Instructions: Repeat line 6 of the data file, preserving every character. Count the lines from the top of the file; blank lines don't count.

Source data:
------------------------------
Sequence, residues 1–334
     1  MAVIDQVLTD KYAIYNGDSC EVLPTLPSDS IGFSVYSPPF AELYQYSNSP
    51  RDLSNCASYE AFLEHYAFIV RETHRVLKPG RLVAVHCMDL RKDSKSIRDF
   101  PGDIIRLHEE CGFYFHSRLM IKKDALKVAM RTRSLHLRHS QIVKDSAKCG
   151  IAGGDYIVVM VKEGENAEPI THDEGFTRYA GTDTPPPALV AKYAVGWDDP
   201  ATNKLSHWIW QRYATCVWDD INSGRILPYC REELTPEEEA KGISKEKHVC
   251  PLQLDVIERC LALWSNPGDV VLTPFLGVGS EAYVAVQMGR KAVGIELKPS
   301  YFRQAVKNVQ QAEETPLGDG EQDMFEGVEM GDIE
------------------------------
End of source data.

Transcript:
   201  ATNKLSHWIW QRYATCVWDD INSGRILPYC REELTPEEEA KGISKEKHVC